Stock Market Crash - Public DomainIt is widely expected that the Federal Reserve is going to announce the end of quantitative easing this week.  Will this represent a major turning point for the stock market?  As you will see below, since 2008 stocks have risen dramatically throughout every stage of quantitative easing.  But when the various phases of quantitative easing have ended, stocks have always responded by declining substantially.  The only thing that caused stocks to eventually start rising again was a new round of quantitative easing.  So what will happen this time?  That is a very good question.  What we do know is that the the performance of the stock market has become completely divorced from economic reality, and in recent weeks there have been signs of market turmoil that we have not seen in years.  Could the end of quantitative easing be the thing that finally pushes the financial markets over the edge?

After all this time, many Americans still don’t understand what quantitative easing actually is.  Since the end of 2008, the Federal Reserve has injected approximately 3.5 trillion dollars into the financial system.  Of course the Federal Reserve didn’t actually have 3.5 trillion dollars.  The Fed created all of this money out of thin air and used it to buy government bonds and mortgage-backed securities.

If that sounds like “cheating” to you, that is because it is cheating.  If you or I tried to print money, we would be put in prison.  When the Federal Reserve does it, it is called “economic stimulus”.

But the overall economy has not been helped much at all.  If you doubt this, just look at these charts.

Instead, what all of this “easy money” has done is fuel the greatest stock market bubble in history.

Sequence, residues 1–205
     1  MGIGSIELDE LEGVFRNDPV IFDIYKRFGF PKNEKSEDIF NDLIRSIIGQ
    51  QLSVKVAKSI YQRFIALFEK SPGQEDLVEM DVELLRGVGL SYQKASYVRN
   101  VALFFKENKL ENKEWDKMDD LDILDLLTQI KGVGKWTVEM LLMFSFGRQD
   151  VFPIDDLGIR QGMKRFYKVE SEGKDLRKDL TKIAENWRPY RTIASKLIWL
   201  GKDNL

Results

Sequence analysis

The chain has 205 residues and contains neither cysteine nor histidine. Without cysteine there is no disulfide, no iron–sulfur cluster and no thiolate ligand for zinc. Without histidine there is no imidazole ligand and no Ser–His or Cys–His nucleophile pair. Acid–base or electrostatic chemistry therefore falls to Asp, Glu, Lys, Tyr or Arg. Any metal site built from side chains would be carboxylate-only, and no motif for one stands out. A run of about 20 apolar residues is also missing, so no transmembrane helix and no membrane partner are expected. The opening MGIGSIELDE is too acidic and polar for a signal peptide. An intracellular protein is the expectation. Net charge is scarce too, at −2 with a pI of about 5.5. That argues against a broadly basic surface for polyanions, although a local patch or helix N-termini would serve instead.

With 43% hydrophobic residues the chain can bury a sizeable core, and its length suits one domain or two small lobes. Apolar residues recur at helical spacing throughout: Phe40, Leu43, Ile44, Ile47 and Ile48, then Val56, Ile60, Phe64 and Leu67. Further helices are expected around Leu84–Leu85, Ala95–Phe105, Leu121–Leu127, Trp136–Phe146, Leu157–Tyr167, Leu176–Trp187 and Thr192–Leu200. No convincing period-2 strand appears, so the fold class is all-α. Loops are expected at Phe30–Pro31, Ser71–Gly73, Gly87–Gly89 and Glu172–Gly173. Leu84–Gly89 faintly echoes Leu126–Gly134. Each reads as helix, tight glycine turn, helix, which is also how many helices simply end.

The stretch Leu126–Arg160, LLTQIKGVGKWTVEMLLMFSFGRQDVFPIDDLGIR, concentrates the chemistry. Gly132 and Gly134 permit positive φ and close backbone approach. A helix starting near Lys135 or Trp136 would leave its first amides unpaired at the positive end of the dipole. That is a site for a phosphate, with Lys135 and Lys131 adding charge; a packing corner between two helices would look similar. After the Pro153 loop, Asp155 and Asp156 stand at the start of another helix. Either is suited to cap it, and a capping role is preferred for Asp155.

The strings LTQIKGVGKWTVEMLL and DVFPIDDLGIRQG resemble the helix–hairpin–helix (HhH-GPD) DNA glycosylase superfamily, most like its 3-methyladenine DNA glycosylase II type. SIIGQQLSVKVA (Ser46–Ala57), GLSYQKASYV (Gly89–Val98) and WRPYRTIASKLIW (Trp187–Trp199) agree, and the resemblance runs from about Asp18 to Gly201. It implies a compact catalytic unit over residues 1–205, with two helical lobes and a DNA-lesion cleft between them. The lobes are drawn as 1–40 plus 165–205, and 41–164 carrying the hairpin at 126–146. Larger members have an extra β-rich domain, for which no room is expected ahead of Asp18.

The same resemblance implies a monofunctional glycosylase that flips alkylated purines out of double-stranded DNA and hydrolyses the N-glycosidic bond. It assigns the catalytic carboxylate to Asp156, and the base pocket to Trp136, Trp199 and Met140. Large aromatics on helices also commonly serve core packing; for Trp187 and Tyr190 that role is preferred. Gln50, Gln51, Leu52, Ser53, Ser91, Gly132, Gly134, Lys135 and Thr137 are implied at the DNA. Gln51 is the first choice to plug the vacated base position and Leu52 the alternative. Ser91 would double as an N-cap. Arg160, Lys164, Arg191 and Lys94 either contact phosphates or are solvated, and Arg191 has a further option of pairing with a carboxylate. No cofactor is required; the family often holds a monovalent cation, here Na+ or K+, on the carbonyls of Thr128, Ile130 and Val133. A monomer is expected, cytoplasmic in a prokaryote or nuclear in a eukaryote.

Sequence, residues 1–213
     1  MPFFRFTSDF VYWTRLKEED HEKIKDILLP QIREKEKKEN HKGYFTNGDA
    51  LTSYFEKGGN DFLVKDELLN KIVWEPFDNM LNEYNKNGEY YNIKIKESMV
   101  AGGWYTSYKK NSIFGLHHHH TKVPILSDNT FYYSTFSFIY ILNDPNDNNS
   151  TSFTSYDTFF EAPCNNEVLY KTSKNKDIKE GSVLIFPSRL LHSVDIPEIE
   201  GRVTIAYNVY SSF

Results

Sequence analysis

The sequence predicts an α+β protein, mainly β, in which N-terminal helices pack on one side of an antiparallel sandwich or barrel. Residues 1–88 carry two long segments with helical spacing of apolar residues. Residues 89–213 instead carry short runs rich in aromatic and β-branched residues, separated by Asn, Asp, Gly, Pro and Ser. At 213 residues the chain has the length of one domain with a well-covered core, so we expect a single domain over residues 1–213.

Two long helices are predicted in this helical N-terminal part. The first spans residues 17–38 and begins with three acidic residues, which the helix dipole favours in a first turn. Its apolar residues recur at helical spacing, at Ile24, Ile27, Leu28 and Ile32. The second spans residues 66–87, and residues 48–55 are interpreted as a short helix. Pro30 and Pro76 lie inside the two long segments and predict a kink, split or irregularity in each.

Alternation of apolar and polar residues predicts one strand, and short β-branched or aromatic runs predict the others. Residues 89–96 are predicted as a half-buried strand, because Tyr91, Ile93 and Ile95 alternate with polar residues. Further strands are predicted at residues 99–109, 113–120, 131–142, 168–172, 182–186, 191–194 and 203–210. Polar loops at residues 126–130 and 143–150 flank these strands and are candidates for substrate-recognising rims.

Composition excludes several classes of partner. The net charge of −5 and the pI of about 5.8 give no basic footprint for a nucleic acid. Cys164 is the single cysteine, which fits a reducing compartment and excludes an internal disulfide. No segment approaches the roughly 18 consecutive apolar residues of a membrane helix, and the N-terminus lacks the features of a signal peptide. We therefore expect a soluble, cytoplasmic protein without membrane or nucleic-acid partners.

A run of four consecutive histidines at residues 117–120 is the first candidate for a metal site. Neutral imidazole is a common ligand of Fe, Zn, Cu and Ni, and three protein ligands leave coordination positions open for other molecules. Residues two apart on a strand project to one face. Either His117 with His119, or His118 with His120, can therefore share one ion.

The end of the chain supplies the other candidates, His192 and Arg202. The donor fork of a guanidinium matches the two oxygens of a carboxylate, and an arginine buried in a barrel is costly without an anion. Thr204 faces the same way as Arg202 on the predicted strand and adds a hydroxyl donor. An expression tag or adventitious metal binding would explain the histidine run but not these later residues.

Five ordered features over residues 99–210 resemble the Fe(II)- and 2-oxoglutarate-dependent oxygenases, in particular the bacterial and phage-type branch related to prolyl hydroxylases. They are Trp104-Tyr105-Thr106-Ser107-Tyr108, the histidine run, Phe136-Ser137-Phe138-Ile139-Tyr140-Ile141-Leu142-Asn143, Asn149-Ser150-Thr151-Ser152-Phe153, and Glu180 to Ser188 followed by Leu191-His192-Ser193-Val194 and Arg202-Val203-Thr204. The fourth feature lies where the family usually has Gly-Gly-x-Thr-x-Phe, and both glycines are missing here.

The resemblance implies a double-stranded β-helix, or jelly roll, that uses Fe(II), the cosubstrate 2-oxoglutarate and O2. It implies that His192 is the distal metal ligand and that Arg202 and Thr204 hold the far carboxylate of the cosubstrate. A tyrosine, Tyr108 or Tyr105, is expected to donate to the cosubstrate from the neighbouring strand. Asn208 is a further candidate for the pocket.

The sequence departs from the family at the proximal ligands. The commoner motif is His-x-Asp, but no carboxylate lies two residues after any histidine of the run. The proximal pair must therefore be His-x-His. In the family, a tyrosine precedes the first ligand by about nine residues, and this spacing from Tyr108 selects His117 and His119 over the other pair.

As you can see from the chart below, every round of quantitative easing has driven the S&P 500 much higher.  And when each round of quantitative easing has finally ended, stocks have declined substantially

Chart By DayOnBay

And of course the chart above tells only part of the story.  Since April 2013, the S&P 500 has gone much higher…

S&P 500

If someone from another planet looked at that chart, they would be tempted to think that the U.S. economy must be expanding like crazy.

But of course that is not happening.

This market binge has been solely fueled by reckless money printing by the Federal Reserve.  It is not backed up by economic fundamentals in any way, shape or form.

And now that quantitative easing is ending, many are wondering if the party is over.

For example, just check out what CNN is saying about the matter…

Even in this bull market, all good things must come to an end.

The Federal Reserve is expected to close a chapter in history this week and announce the conclusion of its massive stimulus program. Known as quantitative easing, the program is widely credited with driving investors back into stocks in the aftermath of the financial crisis.

“I think to some extent quantitative easing has provided an assurance to investors that (has) kept them optimistic,” said Bruce McCain, Chief Investment Strategist of Key Private Bank in Cleveland, Ohio. “Now we’re going to have to see whether investors can ride without training wheels.”

Everyone knows that quantitative easing was a massive gift to those that own stocks.

So how will the stock market respond now that the monetary heroin is ending?

We shall see.

Written by: MICHAEL SNYDER – continue at THE ECONOMIC COLLAPSE

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